What is the most difficult literary work you've ever read? What made it so difficult?

Over the past few years I've found I have a really hard time reading Charles Dickens. He's been required reading for a few of my classes and I find myself headed over to the dreaded sparknotes to get through his novels. I found Hard Times especially bad. What really kills me about Dicken's though is that I like his stories. When I read a summery or hear someone talking about them I get really excited - These sound fantastic! Why haven't I read this! (Nicholas Nickelby was another notable example.) I guess, for me, Dicken's reads really dry. He sucks the life out of well thought out, amazing tales.



Thursday, November 4, 2010

First November Hop

It's Friday and that means it's time for another Book Blogger Hop. As always, thank you to Jennifer at Crazy-For-Books for hosting this amazing meme.
Book Blogger Hop
I started my week off on a great note with Mike Birbiglia's new book - Sleepwalk with Me. Since then I've been trudging through Persian Letters for class, and the library finally got in a copy of The Unbearable Lightness of Being, which I am really excited to reread.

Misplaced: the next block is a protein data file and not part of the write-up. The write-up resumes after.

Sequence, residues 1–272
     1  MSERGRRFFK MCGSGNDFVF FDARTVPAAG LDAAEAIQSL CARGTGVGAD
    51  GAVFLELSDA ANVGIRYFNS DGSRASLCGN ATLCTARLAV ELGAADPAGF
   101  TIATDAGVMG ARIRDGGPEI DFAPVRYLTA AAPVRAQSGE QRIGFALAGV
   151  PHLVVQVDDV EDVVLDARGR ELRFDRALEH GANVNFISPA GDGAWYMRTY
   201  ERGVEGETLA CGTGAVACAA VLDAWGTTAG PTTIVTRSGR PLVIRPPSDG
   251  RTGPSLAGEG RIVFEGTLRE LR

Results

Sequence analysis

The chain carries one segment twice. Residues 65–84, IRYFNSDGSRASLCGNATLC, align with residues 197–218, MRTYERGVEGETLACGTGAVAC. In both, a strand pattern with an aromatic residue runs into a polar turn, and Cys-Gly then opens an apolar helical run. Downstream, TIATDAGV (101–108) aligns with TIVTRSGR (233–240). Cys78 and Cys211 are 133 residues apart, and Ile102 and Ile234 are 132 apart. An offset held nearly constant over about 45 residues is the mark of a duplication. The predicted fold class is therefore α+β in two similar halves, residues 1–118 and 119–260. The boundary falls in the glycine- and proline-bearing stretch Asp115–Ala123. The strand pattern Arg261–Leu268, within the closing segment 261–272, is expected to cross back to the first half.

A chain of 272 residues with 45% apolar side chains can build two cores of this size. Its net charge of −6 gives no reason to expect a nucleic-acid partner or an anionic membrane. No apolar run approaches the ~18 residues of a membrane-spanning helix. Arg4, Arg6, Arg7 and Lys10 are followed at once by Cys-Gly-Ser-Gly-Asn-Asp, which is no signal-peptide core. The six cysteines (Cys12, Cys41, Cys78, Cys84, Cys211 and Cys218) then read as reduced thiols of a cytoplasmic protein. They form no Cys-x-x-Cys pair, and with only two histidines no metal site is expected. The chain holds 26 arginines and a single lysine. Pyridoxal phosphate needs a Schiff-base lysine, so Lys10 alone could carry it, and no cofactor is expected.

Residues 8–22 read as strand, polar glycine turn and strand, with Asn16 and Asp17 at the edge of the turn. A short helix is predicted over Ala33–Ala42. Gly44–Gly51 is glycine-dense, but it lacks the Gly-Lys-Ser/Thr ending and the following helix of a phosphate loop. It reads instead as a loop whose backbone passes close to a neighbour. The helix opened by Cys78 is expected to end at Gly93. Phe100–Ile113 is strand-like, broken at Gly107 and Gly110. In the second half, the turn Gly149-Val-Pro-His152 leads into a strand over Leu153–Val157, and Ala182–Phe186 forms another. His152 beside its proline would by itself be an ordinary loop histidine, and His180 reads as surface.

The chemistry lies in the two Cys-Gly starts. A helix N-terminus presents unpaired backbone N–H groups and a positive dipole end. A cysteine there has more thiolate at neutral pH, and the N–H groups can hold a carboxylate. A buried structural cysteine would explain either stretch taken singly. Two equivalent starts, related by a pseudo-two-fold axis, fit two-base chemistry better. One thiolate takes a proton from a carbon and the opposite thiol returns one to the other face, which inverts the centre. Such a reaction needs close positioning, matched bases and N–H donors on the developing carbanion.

This week Jennifer poses us with an interesting challenge, to find a new blog we generally enjoy and comment on  at least five of their posts. As always, I look forward to finding more awesome blogs.

Lastly, instead of answering Jennifer's question this week I'd like to pose one of my own. During my first year at College I created a quote wall out of post it notes in my dorm room. Since then I've moved twice and have lost a majority of the interesting quotes I came across. My room right now is pretty plain so I'm in the process of remaking my wall. So what I want to know is what is your favorite quote?

Hope everyone has a great weekend